Since my twin, JanetofReno, recently moved to Vegas, hubby and I decided it was high time we headed down to check out their new house...and no better time than our joint birthday, since it gave us lots of excuses to go out and celebrate it in style...Chowwise, the unquestionable highlight for me was Lotus of Siam, but for our birthday dinner we decided we wanted something a bit more upscale.
There have been lots of reports on Rosemary's on the board, mostly very positive, and it is fairly close to Janet's new house, so she was eager to try it. For reasons I really can't quite explain, I had my doubts that it was as good as claimed...but then, it could be simply be that I was a star-struck tourist looking for excuses to stay on the Strip. Nonetheless, when we found out that Sunday night, the night we wanted to celebrate, was half-price night for wines by the bottle at Rosemary's, that sealed the deal, and Janet made our reservations for a party of four.
I was surprised when we arrived to discover that Rosemary's was in a nondescript strip mall (though why I should have been surprised I don't know: Vegas appears to be the home of the strip mall). Parking right in front was a breeze. The bar area in front and semi-open kitchn in back eliminates that 'strip mall' feel once one walks in, and the restaurant certainly feels cozy, though the decor is not in the least exciting.
We were warmly greated and seated promptly. Black napkins were brought for those of us wearing dark clothes: a bit of a pretention perhaps, but some people appreciate that sort of thing. Unfortunately, our table left more than a bit to be desired: it was right in the flow of service traffic. Janet wondered if we should ask to move, but the guys (especially my
hubby) didn't want to 'fuss'. Perhaps he should have: hubby was bumped by a server at least twice during the evening. For other's information, I also noticed that most of the two-tops (at least in the main dining room we were in, there is a back/side room I didn't get a good look at) are closely spaced and not in great locations, though I did see a few couples seated at four tops. I would definitely try and request one for a romantic dinner a deaux...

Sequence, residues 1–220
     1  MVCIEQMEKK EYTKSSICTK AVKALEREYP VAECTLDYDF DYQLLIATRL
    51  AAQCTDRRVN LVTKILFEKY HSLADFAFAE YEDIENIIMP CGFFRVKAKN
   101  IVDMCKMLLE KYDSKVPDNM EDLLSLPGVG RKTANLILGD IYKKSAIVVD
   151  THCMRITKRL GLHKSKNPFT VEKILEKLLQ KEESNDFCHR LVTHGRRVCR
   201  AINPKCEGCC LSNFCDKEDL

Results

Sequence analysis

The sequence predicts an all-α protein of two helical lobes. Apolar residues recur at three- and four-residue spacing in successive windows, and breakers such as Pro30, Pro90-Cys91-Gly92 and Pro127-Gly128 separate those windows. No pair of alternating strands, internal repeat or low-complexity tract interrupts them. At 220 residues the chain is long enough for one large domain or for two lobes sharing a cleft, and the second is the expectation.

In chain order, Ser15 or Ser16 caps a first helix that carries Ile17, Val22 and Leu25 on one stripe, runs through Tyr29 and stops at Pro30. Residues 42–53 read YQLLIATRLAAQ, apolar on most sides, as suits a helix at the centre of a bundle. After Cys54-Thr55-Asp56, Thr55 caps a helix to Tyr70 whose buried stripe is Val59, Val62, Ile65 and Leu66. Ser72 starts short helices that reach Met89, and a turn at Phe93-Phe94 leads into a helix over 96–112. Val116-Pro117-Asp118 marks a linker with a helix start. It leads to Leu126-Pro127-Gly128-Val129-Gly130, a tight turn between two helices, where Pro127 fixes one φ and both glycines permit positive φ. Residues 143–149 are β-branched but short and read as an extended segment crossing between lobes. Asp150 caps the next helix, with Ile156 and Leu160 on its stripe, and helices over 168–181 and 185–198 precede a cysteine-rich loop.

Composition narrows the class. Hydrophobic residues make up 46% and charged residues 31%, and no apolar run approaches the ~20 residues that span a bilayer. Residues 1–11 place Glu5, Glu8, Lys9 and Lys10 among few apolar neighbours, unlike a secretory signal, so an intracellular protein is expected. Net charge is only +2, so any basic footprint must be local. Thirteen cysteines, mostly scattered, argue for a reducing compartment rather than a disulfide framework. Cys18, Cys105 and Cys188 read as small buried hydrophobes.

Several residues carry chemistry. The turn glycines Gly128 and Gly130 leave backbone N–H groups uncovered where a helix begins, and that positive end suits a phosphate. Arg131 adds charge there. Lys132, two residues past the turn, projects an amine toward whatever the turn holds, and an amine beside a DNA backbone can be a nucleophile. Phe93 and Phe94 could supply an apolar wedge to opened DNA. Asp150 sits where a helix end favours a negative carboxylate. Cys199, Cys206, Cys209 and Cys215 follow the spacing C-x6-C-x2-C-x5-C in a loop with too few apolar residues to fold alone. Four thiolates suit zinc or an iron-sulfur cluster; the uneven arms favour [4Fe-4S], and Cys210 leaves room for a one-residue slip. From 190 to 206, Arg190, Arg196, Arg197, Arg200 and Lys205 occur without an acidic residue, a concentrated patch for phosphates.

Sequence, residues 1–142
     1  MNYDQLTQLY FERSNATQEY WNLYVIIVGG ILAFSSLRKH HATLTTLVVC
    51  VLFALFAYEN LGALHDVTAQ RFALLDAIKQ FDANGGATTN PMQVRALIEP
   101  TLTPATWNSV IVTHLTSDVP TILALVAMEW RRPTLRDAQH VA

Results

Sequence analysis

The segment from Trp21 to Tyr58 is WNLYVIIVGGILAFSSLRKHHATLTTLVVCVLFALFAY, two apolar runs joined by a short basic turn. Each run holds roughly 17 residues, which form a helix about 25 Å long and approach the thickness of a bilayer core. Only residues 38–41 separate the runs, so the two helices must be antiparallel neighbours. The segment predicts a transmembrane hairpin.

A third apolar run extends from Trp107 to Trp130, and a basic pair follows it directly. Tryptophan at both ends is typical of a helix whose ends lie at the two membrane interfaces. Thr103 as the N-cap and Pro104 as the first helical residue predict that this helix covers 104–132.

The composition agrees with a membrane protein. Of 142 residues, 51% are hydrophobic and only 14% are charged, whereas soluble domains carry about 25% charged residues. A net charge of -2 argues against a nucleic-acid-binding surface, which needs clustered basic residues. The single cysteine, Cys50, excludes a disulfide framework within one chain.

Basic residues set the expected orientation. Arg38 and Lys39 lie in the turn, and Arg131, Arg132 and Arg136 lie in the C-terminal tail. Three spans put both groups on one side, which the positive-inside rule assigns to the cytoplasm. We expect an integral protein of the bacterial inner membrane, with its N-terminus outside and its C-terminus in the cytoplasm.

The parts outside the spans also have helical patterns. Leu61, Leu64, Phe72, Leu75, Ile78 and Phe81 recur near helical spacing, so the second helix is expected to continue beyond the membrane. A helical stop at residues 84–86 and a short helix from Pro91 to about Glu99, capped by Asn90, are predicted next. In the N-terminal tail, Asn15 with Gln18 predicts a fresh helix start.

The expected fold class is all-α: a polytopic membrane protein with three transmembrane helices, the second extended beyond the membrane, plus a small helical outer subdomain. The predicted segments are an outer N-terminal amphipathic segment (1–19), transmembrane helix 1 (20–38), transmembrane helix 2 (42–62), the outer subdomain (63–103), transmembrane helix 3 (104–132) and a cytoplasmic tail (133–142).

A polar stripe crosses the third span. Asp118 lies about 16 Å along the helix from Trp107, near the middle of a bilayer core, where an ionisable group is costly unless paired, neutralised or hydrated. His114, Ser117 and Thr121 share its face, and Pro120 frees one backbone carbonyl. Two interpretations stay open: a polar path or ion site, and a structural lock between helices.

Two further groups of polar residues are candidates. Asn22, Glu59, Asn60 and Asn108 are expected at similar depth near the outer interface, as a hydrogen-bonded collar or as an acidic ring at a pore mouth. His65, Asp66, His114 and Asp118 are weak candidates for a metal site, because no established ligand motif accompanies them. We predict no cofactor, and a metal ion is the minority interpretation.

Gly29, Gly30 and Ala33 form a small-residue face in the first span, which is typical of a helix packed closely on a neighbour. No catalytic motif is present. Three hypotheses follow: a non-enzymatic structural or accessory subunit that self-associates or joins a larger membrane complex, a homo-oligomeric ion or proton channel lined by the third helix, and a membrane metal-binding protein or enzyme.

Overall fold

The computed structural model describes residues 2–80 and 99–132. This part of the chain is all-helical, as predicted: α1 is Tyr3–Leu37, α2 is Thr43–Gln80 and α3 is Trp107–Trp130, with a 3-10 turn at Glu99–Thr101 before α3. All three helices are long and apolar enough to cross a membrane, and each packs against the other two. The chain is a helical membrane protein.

So, that is the bad side of the ambiance. On the plus side, the lack of fancy decor gives the place a non-pretentious and comfortable feel, and though we weren't sure how to dress, so gussied up just a bit, we'd have been fine in jeans.
Unfortunately, our server didn't get the 'non-pretentious' message. The napkins bit would have been ok by itself but her manner was quite annoyingly fake...She always used the 'we' language I hate and that ironically strikes me as a way to distance oneself from the diners: 'how are we doing?' 'Are we enjoying the wine?' 'Are we all enjoying our mains?'....argghhhh....that combined with long gaps in the pacing of courses and in getting the bill when we were done, the bumping, and a considerably less than satisfactory experience with the sommelier (more on that in a minute), and I have to say: service was not impressive, and probably took down the overall experience at least a few notches.
In regards to the wine list and service: Yes, Sunday is half priced night for all bottles, and a darn good thing too. The wine list was one of the more expensive relative to the cost of the food that I have seen in quite some time. It appears to me that much of this expense is due to the fact that the list is very heavy on expensive wines, though markups are high and they are still making money at half price, not to worry...